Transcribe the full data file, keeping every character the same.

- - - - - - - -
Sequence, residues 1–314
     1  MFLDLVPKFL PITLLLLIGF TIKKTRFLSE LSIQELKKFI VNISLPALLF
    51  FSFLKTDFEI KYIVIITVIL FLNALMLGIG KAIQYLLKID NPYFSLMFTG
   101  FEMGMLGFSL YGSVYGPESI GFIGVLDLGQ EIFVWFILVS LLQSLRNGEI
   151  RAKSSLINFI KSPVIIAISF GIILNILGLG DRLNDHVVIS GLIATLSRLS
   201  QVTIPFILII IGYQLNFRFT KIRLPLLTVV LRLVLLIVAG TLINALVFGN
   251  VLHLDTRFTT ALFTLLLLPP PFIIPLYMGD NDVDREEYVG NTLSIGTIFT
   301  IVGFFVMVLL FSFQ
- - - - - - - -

Sequence, residues 1–314
     1  MFLDLVPKFL PITLLLLIGF TIKKTRFLSE LSIQELKKFI VNISLPALLF
    51  FSFLKTDFEI KYIVIITVIL FLNALMLGIG KAIQYLLKID NPYFSLMFTG
   101  FEMGMLGFSL YGSVYGPESI GFIGVLDLGQ EIFVWFILVS LLQSLRNGEI
   151  RAKSSLINFI KSPVIIAISF GIILNILGLG DRLNDHVVIS GLIATLSRLS
   201  QVTIPFILII IGYQLNFRFT KIRLPLLTVV LRLVLLIVAG TLINALVFGN
   251  VLHLDTRFTT ALFTLLLLPP PFIIPLYMGD NDVDREEYVG NTLSIGTIFT
   301  IVGFFVMVLL FSFQ